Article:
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Looking back on corporate welfare for Planned Parenthood

By Scott Tibbs, July 10, 2015

As I have done for thirteen of the previous fifteen years, I attended the Bloomington City Council meeting last month to lobby the councilors not to give taxpayer money to Planned Parenthood. After several people spoke, including one man who gave a powerful speech about his own child, the city council voted unanimously to fund PP without any comment or attempt to justify the vote. In years past, they have at least attempted to justify their votes. Not this year.

This unanimous vote took place despite very disturbing testimony from one local resident who reported the findings of Indiana's state health department finding numerous serious violations at the Bloomington Planned Parenthood "clinic." One of those violations was patient files stored in an insecure location, a decade after the city council gave Planned Parenthood a handout partially to address secure file storage.

One of the excuses corporate welfare apologists have used in the past is that the social services funding recommendations are an "all or nothing" deal. The councilors can either vote for all of the grants or vote for none of them. Should the other organizations face a potential disruption in order to deny Planned Parenthood? But this has always been a disingenuous rebuttal to pro-life objections to giving a handout to Bloomington's abortion mill.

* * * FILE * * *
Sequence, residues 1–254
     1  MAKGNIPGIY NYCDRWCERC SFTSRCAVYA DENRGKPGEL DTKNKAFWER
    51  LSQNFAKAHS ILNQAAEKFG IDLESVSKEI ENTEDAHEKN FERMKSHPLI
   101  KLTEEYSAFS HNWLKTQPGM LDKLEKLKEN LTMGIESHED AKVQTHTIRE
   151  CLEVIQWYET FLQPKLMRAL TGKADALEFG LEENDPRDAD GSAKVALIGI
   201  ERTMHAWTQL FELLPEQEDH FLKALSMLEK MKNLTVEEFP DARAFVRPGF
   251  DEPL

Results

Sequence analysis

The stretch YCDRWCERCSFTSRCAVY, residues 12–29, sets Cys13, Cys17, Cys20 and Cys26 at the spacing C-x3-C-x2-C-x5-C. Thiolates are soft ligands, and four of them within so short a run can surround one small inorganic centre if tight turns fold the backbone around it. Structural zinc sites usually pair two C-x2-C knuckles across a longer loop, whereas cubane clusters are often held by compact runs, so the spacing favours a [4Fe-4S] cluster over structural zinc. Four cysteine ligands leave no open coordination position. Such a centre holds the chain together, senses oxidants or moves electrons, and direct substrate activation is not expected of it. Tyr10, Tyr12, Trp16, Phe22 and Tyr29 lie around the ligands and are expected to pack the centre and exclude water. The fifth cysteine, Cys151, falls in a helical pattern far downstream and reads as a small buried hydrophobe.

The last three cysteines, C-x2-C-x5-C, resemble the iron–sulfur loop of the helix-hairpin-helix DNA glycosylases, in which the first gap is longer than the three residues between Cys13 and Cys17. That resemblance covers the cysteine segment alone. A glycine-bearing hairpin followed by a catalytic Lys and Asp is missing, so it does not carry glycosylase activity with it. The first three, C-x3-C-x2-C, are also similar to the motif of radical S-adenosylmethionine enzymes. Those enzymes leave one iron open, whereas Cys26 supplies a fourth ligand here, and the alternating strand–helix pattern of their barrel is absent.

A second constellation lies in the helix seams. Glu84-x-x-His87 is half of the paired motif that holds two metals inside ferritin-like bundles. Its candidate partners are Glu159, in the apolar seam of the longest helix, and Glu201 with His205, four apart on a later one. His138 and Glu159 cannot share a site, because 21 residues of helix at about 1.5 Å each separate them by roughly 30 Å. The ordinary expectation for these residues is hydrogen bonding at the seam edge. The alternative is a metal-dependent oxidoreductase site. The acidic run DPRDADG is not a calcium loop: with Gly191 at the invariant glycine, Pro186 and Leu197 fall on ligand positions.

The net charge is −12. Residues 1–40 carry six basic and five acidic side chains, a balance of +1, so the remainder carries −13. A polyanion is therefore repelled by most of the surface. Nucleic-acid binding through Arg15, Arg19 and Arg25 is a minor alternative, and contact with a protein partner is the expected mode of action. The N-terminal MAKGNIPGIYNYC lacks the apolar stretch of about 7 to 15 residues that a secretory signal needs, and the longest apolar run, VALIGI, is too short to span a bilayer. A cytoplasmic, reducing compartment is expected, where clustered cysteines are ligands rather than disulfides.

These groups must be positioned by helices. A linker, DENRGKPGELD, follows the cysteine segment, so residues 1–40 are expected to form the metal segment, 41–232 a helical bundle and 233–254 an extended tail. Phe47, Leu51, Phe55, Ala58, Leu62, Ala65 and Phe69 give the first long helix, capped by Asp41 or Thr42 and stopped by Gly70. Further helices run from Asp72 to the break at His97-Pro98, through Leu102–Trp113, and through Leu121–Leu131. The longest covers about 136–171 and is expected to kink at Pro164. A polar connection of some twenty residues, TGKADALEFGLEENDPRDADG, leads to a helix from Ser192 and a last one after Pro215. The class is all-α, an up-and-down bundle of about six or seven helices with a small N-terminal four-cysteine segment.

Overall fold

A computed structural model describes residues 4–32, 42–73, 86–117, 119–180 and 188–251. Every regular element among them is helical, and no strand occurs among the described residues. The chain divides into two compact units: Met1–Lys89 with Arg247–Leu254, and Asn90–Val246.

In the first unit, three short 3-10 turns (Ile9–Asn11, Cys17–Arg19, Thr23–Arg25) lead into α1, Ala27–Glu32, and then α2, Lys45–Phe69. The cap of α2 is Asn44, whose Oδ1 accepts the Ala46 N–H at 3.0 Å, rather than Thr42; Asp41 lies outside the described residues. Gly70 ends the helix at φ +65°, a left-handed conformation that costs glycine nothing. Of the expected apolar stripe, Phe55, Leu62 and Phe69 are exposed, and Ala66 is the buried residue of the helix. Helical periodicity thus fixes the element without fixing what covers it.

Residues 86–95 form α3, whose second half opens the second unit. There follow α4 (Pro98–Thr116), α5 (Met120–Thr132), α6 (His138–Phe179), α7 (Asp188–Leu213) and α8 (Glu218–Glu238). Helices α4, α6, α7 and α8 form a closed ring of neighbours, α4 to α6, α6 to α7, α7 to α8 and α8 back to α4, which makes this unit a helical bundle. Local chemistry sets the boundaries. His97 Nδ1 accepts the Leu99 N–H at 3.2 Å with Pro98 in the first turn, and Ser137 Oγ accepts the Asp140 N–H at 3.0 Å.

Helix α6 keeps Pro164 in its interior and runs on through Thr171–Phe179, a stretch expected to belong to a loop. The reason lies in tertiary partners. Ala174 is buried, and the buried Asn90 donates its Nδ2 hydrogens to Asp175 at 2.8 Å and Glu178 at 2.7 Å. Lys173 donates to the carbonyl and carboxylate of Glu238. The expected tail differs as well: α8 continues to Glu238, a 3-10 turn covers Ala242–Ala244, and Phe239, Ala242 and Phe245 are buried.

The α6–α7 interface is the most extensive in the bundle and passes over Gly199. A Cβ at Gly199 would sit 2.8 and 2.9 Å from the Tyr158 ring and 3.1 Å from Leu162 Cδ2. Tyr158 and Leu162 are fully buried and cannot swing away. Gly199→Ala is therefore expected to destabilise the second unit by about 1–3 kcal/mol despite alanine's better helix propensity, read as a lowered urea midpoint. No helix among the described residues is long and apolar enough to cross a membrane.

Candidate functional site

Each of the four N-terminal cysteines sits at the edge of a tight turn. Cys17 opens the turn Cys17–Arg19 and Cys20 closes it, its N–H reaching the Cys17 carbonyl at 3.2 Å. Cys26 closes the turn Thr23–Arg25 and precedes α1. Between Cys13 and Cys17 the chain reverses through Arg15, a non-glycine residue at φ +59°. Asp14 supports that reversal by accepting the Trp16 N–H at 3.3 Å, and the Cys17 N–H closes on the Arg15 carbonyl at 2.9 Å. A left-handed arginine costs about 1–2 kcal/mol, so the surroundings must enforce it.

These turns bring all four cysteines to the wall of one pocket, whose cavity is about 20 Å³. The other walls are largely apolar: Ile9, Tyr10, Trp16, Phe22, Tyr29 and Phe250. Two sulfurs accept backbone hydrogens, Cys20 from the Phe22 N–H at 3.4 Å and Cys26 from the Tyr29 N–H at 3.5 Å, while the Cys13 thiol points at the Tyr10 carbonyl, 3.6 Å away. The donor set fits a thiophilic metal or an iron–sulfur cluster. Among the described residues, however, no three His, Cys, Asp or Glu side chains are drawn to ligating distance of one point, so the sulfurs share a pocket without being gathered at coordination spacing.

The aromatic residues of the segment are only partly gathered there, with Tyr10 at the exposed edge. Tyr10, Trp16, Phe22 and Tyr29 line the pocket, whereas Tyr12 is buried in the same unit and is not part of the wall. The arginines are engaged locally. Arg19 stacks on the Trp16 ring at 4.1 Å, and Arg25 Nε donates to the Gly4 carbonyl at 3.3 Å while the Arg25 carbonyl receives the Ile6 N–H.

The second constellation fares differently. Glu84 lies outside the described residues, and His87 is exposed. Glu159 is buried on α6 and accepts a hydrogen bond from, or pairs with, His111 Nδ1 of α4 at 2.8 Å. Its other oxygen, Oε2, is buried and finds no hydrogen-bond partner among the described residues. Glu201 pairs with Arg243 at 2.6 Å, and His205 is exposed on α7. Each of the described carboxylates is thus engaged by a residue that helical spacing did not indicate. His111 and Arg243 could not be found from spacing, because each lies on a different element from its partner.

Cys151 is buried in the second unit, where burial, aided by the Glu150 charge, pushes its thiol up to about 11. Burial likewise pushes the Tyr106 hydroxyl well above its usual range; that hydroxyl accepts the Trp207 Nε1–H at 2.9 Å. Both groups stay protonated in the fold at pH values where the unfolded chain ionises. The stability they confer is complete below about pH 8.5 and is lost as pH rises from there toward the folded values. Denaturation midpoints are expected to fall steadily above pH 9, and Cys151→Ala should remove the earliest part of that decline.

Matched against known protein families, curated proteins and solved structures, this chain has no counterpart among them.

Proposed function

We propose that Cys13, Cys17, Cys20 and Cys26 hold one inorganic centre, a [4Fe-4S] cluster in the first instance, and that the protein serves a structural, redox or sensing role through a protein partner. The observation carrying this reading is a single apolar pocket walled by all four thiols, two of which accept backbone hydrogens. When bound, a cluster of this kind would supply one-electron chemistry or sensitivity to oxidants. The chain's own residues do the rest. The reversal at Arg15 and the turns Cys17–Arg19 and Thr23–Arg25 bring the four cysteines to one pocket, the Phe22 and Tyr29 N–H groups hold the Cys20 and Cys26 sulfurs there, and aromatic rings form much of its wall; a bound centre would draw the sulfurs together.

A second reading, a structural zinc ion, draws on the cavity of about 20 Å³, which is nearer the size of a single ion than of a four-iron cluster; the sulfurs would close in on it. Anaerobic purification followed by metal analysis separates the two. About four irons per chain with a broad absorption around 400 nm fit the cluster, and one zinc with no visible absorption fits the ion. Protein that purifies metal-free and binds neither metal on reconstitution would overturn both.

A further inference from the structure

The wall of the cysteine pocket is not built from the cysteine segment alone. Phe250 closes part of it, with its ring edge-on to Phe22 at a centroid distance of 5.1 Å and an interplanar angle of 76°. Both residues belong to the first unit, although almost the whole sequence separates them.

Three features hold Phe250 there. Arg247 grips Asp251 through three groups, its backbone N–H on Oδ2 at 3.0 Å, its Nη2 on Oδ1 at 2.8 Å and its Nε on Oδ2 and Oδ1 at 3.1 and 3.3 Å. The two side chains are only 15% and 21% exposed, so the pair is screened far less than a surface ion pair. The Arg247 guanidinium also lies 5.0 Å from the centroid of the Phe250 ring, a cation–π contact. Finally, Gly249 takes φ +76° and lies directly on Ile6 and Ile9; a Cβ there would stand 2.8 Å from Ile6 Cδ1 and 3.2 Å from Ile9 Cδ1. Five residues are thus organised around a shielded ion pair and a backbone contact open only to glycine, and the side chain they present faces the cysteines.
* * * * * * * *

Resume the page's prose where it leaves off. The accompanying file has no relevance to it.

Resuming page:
The Monroe County Council, which has only been distributing social service grants since 2008, has found a solution to this problem. They vote on each individual grant one at a time. This allows councilors who oppose funding for certain organizations to vote their conscience while supporting grants to other organizations. This is one reform that should be implemented for the 2016 social services funding process.

It is clear that the city council does not care about the sincere objections of local citizens to being forced to fund an abortion mill. The bored, dismissive facial expressions and gestures of some of the councilors was plenty of evidence for that. In the 2015 city elections, the people of Bloomington should vote for diversity and vote for councilors who take citizen objections seriously. That means not voting for any Democrats.